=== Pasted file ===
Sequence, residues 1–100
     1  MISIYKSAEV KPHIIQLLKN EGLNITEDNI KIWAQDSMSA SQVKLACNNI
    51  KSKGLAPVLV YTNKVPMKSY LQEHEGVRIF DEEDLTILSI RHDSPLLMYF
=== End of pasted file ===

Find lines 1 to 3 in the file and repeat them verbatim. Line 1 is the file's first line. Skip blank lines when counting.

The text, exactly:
Sequence, residues 1–100
     1  MISIYKSAEV KPHIIQLLKN EGLNITEDNI KIWAQDSMSA SQVKLACNNI
    51  KSKGLAPVLV YTNKVPMKSY LQEHEGVRIF DEEDLTILSI RHDSPLLMYF